A state-of-the-art cross-sectional analysis (without worrying too much about the time-series of returns, risks and explanatory variables) will help increase portfolio information ratios.
Time-series analysis is much more important in asset allocation models and that might be a totally new experience for a lot of decision takers within the pension plan community. And it might even be new to many European asset managers who are now confronted with the need to know more about sophisticated asset allocation and country selection with the definition of ‘domestic’ now being Europe or Euroland instead of an individual country. In asset allocation models or frameworks it is not so much about ‘security X or security Y’ but much more about ‘Asset class X in country A: Now or later?’ In the latter case the whole sequence of ‘now’ or ‘later’ type of answers for all asset classes and countries will then translate into an asset allocation portfolio. Sometimes this might even imply that a number of ‘later’ decisions translate into ‘now’ actions anyway! The currency factor and the smaller spectrum make a direct cross-sectional comparison of individual ‘securities’ much harder in the asset allocation case.

And it is not just the structural difference in model type (time-series instead of cross-sectional regression framework) which makes asset allocation modelling difficult. Another problem is, we are probably forced to work with monthly observations because there are not enough high-quality quarterly observations available on many relevant variables. For example, a model using quarterly data on gross domestic product to predict quarterly returns on stocks or bonds would, even if reliable GDP data were available for the whole post-second world war period, still have only a mere 220 (55 years x 4) observations. Working with monthly data quadruples the number of observations, but independent and reliable monthly data are often not available for important (macro-) economic time-series. Another problem is that macroeconomic data are often published relatively late. We also observe in many instances that initially reported values are later corrected. And it is exactly the factor block with macro variables that seems to play a more important role in asset allocation modeling than in asset selection modeling. We do therefore need to accept that even our ‘ideal’ model will not show tremendous R-squares.5 Many variables that we would love to incorporate in the model structure fall immediately out of it due to lack of observations or statistical significance with the relatively small data set we have. When we take into account that the data set will also have to be split somehow to enable out-of-sample testing the problem gets even bigger. It is therefore probably inevitable to construct a framework that integrates quantitative and qualitative techniques since we do not a-priori believe that ‘man’ cannot add value.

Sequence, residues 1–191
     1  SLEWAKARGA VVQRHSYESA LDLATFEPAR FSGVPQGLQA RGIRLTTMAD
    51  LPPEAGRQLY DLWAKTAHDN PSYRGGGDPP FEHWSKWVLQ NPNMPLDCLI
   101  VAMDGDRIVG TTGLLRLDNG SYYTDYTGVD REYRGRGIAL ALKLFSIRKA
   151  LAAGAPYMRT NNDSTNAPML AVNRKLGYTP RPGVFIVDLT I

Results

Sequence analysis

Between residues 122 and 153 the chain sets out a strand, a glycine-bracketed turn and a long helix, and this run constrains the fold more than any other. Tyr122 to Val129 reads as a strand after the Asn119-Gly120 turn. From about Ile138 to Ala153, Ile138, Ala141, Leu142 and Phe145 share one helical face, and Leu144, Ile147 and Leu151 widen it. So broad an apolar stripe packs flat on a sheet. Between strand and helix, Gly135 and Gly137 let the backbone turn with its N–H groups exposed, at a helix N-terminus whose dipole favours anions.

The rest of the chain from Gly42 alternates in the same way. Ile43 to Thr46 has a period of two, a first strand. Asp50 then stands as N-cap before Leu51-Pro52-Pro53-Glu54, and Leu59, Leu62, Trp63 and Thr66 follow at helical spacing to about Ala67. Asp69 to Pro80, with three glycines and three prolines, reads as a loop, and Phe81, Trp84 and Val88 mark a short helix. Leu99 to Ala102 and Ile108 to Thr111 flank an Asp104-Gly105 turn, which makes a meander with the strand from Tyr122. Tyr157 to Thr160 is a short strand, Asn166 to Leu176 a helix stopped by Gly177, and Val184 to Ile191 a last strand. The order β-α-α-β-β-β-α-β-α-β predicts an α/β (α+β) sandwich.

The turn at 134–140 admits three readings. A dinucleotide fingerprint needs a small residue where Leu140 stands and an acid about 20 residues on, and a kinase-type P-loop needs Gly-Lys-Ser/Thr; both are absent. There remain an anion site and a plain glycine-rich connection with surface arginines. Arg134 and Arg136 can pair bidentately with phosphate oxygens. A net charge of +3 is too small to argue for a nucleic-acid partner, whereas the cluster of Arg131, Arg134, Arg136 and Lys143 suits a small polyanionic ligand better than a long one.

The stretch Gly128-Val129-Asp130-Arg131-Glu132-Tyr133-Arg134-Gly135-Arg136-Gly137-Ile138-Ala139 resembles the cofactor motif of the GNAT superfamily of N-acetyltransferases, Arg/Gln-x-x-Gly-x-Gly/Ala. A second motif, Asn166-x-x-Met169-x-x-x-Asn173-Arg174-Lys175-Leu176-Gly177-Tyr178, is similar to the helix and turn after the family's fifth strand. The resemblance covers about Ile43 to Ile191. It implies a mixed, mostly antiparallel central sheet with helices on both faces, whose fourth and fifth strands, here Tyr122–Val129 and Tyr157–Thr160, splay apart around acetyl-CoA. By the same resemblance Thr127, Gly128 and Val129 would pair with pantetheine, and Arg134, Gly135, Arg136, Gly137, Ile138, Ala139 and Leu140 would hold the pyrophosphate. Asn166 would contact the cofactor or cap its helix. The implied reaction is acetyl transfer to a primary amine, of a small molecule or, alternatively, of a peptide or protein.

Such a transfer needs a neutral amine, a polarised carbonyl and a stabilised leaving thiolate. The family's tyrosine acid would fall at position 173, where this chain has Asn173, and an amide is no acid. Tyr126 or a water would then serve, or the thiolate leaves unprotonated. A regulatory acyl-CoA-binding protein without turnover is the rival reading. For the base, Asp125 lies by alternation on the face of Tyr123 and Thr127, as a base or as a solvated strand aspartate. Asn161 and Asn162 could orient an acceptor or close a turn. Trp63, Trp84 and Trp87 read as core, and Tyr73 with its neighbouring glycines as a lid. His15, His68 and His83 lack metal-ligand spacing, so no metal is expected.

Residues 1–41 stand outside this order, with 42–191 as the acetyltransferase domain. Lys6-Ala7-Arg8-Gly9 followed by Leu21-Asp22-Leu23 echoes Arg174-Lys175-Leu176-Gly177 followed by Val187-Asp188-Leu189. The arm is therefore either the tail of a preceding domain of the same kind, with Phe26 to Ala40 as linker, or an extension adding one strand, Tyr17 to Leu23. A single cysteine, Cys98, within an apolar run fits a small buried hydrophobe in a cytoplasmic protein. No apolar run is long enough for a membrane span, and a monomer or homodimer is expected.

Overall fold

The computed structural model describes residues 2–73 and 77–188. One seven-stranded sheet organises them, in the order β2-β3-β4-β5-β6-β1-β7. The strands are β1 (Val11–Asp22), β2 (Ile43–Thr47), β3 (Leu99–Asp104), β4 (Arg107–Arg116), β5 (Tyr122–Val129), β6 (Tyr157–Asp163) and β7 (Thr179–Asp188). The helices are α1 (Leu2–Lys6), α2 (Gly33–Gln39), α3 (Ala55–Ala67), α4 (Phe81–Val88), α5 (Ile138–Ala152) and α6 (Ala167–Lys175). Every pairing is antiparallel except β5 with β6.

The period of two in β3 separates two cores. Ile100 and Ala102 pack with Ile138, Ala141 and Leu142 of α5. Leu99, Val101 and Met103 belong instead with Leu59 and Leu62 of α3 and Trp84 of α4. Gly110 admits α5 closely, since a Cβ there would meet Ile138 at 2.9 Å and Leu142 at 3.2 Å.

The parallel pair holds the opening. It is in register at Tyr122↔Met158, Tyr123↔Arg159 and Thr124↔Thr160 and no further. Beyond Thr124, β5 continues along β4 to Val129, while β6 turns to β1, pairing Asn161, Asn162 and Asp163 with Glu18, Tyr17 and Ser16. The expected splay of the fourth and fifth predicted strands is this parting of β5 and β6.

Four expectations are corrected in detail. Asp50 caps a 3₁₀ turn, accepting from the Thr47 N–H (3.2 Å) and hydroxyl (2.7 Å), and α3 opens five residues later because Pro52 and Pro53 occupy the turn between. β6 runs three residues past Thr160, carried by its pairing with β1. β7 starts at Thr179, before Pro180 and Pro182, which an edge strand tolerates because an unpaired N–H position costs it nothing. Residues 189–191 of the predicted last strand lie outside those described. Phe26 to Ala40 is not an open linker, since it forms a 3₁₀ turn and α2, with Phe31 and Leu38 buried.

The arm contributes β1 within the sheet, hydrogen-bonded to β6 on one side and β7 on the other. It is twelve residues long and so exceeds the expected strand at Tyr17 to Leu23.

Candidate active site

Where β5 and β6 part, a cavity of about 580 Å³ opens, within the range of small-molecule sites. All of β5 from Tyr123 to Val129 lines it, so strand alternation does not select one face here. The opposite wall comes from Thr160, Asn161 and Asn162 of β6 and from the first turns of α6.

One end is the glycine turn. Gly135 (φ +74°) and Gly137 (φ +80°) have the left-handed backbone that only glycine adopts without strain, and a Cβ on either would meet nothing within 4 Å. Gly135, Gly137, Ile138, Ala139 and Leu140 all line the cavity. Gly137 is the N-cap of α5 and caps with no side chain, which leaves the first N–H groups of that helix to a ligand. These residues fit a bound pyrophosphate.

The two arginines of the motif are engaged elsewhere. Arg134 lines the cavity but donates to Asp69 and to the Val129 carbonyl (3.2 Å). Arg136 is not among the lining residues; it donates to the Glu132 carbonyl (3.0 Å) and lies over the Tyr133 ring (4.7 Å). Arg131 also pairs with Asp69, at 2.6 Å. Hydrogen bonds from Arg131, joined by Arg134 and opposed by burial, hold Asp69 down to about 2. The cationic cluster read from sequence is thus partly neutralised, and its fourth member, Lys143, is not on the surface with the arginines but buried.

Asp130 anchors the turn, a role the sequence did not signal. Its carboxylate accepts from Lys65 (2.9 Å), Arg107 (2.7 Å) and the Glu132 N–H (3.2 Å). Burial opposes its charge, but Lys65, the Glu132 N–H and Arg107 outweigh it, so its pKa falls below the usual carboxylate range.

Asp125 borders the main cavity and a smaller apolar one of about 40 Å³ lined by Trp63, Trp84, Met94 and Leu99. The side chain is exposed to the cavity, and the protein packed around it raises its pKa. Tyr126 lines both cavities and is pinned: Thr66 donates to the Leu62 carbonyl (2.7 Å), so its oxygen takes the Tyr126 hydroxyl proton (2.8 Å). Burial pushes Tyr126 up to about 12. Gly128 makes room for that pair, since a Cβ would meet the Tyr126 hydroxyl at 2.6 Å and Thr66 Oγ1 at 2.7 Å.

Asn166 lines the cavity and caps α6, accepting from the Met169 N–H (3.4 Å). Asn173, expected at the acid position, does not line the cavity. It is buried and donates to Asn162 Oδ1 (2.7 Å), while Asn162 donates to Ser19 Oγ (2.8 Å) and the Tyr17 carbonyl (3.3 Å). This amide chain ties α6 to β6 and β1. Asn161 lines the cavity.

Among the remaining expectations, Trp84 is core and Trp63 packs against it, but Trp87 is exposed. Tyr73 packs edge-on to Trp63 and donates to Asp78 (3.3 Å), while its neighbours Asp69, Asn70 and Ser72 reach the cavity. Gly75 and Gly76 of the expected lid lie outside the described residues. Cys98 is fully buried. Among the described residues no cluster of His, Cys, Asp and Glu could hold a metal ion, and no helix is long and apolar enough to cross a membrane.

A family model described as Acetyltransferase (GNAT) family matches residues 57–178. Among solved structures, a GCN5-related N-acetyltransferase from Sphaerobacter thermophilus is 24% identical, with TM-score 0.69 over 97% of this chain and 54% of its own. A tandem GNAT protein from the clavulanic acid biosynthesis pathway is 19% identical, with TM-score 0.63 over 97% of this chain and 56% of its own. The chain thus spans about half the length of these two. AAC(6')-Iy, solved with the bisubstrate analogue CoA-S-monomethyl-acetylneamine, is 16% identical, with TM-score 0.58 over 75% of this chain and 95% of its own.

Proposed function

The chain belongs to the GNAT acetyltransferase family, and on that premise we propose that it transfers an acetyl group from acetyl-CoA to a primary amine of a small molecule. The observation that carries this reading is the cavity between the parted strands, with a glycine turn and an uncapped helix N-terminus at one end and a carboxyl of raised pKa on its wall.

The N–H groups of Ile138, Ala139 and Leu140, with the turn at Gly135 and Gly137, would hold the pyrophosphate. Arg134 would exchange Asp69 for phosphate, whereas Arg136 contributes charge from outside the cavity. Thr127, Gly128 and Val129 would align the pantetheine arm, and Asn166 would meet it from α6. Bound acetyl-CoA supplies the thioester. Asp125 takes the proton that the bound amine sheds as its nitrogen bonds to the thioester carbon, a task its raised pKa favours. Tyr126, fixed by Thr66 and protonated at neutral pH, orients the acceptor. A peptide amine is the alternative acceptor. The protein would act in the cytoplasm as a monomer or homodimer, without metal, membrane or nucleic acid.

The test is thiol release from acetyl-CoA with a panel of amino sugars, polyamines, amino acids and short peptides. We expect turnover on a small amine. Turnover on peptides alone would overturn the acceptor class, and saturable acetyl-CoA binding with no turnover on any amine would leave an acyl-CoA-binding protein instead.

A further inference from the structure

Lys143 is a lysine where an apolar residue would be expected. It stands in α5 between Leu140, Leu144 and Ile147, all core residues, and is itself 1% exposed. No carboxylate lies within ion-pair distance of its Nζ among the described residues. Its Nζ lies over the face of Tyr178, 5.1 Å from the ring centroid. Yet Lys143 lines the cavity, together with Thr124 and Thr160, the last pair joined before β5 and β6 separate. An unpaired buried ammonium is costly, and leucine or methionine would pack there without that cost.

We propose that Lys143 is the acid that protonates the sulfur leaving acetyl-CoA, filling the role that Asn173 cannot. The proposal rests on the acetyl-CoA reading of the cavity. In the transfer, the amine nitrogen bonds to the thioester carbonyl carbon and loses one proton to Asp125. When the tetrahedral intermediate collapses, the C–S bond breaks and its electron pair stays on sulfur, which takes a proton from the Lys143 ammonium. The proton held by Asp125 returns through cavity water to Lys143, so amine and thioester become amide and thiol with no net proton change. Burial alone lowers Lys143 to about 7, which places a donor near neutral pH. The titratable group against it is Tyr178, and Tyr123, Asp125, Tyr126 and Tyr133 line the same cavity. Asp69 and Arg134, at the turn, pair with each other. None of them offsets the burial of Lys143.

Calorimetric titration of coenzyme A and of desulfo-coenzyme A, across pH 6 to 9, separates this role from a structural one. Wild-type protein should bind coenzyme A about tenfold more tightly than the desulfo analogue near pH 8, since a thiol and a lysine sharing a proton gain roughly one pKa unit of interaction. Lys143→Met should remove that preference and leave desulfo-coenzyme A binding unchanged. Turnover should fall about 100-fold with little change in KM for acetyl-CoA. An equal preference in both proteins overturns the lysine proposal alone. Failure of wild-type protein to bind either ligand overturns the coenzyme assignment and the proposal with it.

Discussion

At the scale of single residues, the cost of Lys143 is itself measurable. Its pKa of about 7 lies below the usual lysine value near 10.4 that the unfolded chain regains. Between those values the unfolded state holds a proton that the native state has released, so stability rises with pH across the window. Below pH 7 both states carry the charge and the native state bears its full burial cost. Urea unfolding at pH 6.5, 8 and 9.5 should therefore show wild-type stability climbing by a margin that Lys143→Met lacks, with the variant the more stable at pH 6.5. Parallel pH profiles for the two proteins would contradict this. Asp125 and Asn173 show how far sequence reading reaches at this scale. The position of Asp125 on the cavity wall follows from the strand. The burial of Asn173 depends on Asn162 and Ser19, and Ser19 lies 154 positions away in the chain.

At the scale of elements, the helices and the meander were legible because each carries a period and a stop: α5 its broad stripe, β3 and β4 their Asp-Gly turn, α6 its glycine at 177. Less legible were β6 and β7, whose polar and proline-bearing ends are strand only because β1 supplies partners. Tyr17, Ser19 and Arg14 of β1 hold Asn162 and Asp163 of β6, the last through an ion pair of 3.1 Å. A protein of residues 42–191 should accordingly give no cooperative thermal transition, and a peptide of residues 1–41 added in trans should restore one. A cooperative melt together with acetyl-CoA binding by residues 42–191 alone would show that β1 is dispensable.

Notwithstanding the problems and difficulties that we described in the previous paragraphs, we do feel that sophisticated players in the institutional money management community should take asset allocation seriously and make it the core of their investment process. The combination of potentially high excess returns and high risk warrant above-average attention instead of a seemingly passive treatment of the issue. Especially because passivity is in many instances based on a not too sophisticated strategic benchmarking process that suffers from subjectivity, infrequent updating and naïve basic assumptions. And even if the result of our structured research efforts is that we are not able to generate statistically significant excess returns for all asset class/country combinations, we should still try to make the most of our information. This means that we have to be active when possible and passive when information coefficients are close to zero. Relatively low R-squares and models that are not as ‘ideal’ as we would want them to be will then – in combination with the high risk profile of asset class deviations compared to benchmark weight deviations in asset selection strategies – translate into relatively small absolute active weights vis-à-vis our strategic benchmark. But that is in itself not a big problem, because the relative added value of a one percentage-point benchmark deviation in asset allocation strategies is higher than the same deviation in an asset selection strategy.
Erik van Dijk is CEO at Palladyne Asset Management in Amsterdam
1 Solnik, B., Predictable Time-Varying Components of International Asset Returns, Research Foundation of the Institute of Chartered Financial Analysts, Charlottesville (Virginia), 1993.
2 We can of course add more asset categories (like for example real estate, private equity, commodities etc.) and/or countries, but the relative ‘bet size’ will remain large compared to asset selection.
3 See for example Grinold & Kahn’s excellent handbook on active investment management: Grinold, R.C. & R. Kahn, Active Portfolio Management, McGraw-Hill, New York, 2000.
4 Markowitz, H.M., and Erik L. van Dijk, ‘Single-Period Risk-Return Analysis in a Changing World’, Palladyne Research Paper, November 2000.
5 R-squares in the range of 0 to 30% are to be expected in a well-functioning asset allocation framework with monthly observations with the majority of time-series models for individual asset class/country combinations ending somewhere in the 10-20% range. But researcher will find that a lot of work has to be done to get to that result.